L~ is a regular at our weekly ElderSparks gathering just outside of Trenton. At the end of the second session, while taking her to lunch in the dining room, I asked how she liked the food. She told me she had been a gourmet chef at home, inspired by a memorable meal she and her husband had in Paris once. I wondered if she had ever seen Julie and Julia, a film she would no doubt love. She hadn’t, but Julia Childs was one of her favorite shows on television. I passed this information on to the director of social services who wasn’t aware of L~’s prior culinary talents. She thought of several other residents who would probably enjoy the film and added it to her list of future programs.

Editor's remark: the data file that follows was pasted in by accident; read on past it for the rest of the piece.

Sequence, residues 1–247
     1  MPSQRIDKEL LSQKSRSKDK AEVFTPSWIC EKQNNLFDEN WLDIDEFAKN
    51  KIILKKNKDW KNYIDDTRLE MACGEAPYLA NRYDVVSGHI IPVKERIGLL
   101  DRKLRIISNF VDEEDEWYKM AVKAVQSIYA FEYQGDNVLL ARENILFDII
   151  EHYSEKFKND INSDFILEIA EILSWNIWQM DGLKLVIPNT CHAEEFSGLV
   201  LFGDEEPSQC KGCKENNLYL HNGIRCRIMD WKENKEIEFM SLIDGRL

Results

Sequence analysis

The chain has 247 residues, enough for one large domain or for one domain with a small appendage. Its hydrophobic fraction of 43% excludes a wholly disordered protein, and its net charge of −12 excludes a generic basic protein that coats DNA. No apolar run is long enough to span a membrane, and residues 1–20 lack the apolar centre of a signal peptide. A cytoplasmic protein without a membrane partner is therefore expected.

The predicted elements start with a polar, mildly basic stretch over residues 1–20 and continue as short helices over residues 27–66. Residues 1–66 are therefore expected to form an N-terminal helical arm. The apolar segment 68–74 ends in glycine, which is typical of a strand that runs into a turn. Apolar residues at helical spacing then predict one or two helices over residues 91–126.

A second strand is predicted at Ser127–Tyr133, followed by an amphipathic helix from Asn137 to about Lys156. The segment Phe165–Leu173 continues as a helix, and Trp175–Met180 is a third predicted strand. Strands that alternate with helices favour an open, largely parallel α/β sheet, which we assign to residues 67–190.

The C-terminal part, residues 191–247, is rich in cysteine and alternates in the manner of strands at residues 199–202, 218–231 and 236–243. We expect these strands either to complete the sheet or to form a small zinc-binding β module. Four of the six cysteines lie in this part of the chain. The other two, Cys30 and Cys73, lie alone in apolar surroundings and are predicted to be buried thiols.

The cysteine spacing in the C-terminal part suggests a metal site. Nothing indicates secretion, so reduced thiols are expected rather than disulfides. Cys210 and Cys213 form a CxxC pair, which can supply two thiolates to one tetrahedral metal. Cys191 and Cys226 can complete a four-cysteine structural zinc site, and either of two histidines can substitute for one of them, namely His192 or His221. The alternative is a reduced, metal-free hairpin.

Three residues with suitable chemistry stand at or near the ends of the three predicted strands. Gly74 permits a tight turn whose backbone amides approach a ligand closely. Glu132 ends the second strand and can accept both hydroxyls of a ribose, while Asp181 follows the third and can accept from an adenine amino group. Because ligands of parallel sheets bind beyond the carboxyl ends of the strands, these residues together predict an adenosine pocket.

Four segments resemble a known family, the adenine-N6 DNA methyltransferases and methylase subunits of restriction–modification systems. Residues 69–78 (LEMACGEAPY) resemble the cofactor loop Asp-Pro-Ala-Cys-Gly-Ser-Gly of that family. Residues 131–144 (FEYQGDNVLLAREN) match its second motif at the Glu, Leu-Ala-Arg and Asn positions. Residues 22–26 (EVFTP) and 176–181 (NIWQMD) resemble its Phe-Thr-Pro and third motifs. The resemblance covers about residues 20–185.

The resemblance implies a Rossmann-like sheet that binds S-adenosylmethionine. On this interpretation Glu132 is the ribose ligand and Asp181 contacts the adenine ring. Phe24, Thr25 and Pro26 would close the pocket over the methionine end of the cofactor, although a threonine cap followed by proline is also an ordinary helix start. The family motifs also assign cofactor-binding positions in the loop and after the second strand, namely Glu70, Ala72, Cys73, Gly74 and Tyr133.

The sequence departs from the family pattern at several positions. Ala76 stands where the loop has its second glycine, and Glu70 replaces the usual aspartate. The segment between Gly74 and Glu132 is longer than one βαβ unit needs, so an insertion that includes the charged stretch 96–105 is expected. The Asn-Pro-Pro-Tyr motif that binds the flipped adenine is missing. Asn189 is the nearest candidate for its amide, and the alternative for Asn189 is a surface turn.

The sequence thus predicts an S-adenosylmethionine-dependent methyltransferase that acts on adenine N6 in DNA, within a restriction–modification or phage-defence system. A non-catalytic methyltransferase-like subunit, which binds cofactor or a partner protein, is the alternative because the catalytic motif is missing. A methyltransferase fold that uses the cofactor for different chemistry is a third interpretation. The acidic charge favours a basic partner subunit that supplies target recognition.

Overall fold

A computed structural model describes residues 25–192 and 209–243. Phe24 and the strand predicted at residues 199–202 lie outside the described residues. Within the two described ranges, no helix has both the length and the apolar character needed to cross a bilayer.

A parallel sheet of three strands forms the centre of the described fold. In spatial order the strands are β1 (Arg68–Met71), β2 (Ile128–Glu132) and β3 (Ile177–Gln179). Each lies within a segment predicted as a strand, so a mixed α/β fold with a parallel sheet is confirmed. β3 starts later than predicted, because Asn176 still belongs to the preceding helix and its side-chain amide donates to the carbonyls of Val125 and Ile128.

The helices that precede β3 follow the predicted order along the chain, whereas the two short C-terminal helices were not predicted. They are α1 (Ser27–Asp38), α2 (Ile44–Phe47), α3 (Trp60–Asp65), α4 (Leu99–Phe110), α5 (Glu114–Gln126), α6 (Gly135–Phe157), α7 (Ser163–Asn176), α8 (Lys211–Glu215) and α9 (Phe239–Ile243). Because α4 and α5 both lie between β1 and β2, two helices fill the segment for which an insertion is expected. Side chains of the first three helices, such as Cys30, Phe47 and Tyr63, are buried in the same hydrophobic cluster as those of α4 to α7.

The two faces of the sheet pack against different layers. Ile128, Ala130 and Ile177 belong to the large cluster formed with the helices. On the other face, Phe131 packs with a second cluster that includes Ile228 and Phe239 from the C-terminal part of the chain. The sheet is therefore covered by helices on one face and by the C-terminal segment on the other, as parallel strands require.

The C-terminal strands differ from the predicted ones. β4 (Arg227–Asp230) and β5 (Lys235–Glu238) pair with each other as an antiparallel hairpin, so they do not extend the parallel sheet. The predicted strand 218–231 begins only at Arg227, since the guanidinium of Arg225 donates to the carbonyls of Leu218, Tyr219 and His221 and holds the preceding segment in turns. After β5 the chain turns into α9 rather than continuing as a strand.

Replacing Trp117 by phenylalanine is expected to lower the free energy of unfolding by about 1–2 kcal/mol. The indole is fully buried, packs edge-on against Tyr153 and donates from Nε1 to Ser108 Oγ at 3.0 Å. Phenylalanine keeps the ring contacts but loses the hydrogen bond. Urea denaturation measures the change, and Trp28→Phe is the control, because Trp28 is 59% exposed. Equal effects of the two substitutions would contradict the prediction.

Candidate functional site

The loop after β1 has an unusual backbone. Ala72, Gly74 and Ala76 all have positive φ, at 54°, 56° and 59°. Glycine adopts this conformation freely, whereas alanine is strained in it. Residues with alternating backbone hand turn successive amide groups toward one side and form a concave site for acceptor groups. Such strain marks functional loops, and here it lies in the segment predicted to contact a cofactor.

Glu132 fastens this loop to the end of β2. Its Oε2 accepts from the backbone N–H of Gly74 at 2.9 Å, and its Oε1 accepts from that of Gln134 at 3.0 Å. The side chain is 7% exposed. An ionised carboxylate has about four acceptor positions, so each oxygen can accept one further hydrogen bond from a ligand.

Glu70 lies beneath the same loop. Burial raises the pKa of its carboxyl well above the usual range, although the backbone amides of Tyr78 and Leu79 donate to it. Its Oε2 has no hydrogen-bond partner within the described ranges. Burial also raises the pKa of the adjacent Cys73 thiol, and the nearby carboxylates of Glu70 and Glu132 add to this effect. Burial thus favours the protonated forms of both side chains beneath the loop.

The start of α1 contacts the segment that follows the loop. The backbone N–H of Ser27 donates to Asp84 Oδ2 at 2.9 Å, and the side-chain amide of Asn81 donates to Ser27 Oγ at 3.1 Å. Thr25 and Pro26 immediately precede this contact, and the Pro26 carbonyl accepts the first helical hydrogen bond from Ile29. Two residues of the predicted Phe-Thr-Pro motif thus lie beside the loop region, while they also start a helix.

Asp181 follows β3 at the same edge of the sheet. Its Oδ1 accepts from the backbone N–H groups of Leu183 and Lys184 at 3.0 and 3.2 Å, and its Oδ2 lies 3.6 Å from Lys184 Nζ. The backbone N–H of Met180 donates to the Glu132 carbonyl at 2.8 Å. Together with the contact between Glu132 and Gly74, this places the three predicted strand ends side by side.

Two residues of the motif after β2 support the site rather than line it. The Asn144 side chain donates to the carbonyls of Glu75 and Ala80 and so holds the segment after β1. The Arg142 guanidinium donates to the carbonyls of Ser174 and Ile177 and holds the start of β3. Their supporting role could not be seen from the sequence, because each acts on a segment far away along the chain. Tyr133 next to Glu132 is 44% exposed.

Conversations like the one L~ and I had are not ElderSparks central focus, but they do add immeasurably to the work. The more we learn about our clients, the more responsive we can be to their needs and interests — either directly, or indirectly by being an extra set of eyes and ears for the social workers. In the end though, the simple act of connecting — whatever form it takes — may be the greatest contribution we and others make.